Rich, Powerful On Roster of U.S. Investors in Lloyd’s
WASHINGTON (AP) _ What’s in a name? When it comes to Lloyd’s of London, plenty.
State regulators’ decision to pursue lawsuits against Lloyd’s highlights a policy debate: When should sophisticated, wealthy investors get the protection of securities laws?
U.S. investors in Lloyd’s complain they were misled by the insurer about the risks of investing in the world’s most prestigious insurance market.
As Lloyd’s losses mounted due to various catastrophes, Lloyd’s required investors _ known as names _ to pledge additional money to pay claims. Investors faced unlimited liability, meaning they could be required to pay out their house, car and personal savings, down to the last cuff link.
Were the investors sophisticated enough to know what they were doing? Were the names politically influential people urging the government to intervene on their behalf?
A review of the background of 220 investors showed some were heavy political campaign donors, as well as highly sophisticated investors and business people. Among the prominent figures:
_Martha Ingram, chairman of Ingram Industries in Nashville, one of Tennessee’s biggest privately held companies, employing more than 6,000 people, according to Standard & Poor’s.
_James L. Clayton, chairman and chief executive officer of Clayton Homes Inc. in Knoxville, Tenn., a New York Stock Exchange-listed company that sells manufactured homes and offers some financial services.
_Ryal Robert Poppa, retired chief executive of Storage Technology Corp. of Louisville, Colo., a computer equipment maker with more than $410 million in revenues, also listed on the NYSE.
Lloyd’s investors are not homogenous, and some are middle-class professionals who viewed Lloyd’s as a safe investment opportunity.
Overall, the investors generally lived in well-off neighborhoods, and their typical household income was $40,729, or about 26 percent above the national average, according to a comparison of names’ zip codes with U.S. Census Bureau data.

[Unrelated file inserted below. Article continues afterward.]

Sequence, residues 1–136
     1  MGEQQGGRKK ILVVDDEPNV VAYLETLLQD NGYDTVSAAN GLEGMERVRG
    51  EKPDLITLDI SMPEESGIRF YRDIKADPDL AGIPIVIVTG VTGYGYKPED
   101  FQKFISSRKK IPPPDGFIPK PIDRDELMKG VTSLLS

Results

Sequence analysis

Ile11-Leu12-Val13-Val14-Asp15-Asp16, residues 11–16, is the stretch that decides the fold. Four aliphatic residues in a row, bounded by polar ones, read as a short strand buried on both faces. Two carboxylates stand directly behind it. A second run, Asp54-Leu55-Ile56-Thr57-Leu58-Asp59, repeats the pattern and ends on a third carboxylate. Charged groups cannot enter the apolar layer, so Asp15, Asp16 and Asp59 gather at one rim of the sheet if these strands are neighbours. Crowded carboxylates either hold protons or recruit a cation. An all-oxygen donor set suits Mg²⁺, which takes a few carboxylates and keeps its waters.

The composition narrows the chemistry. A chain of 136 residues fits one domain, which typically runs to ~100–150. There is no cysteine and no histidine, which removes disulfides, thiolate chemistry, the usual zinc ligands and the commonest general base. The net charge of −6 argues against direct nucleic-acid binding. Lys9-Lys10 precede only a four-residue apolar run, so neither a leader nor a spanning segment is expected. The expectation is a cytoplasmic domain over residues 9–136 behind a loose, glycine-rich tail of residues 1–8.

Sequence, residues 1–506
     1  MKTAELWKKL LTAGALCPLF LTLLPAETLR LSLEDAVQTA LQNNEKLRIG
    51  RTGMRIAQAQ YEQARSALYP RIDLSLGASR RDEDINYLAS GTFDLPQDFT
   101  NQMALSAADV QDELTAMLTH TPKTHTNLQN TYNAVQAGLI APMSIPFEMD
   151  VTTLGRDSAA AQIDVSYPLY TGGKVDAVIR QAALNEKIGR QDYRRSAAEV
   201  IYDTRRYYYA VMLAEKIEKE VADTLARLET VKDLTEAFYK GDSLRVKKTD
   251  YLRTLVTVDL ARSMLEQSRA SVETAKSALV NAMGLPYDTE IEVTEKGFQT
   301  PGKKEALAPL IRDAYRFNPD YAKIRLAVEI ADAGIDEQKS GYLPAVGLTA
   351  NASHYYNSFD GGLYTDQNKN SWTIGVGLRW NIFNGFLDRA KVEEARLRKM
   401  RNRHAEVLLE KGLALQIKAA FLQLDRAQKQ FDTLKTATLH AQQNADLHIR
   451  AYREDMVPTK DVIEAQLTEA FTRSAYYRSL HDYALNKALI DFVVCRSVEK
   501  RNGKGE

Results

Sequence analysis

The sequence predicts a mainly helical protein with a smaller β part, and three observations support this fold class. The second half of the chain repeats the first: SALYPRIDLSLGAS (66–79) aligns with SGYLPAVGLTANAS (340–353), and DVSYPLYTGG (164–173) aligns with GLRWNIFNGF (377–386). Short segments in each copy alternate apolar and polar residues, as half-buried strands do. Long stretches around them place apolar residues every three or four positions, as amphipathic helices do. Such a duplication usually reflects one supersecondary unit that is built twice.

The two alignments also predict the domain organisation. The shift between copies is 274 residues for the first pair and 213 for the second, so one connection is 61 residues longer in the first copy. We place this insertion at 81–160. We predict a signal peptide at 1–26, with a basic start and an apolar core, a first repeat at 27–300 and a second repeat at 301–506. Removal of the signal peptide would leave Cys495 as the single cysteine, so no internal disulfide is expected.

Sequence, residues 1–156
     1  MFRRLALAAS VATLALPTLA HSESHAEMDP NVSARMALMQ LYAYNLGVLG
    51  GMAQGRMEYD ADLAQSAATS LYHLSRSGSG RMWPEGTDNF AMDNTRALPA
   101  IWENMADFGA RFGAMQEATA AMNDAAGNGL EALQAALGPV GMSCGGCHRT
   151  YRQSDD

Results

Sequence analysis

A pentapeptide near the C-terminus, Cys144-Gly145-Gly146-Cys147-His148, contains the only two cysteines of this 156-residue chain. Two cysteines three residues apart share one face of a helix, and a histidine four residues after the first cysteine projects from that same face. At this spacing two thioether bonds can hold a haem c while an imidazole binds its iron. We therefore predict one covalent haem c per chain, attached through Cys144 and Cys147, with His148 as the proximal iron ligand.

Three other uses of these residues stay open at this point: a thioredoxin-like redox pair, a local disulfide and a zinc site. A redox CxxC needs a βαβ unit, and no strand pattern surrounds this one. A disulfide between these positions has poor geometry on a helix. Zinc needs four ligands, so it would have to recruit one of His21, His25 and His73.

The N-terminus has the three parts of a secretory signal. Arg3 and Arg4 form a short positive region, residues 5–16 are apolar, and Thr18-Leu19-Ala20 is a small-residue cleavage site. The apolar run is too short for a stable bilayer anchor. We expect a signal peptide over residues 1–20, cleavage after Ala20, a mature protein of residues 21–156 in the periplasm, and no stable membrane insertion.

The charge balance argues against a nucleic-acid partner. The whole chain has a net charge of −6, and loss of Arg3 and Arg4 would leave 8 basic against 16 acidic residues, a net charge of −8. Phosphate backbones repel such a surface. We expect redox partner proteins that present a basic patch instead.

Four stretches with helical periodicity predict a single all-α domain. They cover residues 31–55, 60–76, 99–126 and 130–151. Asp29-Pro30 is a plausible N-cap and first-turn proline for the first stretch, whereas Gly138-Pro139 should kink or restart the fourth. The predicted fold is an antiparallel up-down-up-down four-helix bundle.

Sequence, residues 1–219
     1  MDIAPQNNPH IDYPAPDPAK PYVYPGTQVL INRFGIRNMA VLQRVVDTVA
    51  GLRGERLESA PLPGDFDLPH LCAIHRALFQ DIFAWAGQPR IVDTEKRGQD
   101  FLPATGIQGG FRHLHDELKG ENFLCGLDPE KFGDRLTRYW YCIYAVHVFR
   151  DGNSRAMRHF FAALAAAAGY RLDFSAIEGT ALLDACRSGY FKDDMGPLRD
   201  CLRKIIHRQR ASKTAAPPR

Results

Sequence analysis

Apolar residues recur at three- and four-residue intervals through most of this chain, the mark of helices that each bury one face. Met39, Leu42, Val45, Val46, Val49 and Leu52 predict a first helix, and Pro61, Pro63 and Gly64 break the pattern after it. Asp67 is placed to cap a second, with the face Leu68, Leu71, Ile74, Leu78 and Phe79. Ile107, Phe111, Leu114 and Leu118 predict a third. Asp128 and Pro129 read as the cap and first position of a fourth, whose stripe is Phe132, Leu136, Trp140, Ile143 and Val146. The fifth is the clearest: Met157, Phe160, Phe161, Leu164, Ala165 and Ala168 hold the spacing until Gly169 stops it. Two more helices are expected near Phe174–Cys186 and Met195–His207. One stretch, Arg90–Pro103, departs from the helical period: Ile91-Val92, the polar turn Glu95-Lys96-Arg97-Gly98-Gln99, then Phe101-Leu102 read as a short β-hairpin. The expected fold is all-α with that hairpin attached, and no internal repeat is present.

Fifty-two had contributed a total of $264,000 to federal campaigns since 1991.
Dee R. Harris, president of the North American Securities Administrators Association, acknowledges that Lloyd’s investors ``were fairly affluent at the time they invested. Were they financially sophisticated? ... I have a feeling that they were not.″
The federal securities laws allow sale of investments to well-heeled, sophisticated investors without registration with the Securities and Exchange Commission, on the assumption that professional investors can fend for themselves. The definition of a professional investors and what protections they deserve has been hotly debated among regulators for years.
But the sophisticated investors caught up in the Lloyd’s case said in interviews their expertise was of little use: They claim Lloyd’s lied to them.
``I asked all the right questions,″ said Henri Wedell, a Memphis stock broker. ``And in retrospect, either they didn’t know the answers and pretended they did or they told me bald faced lies.″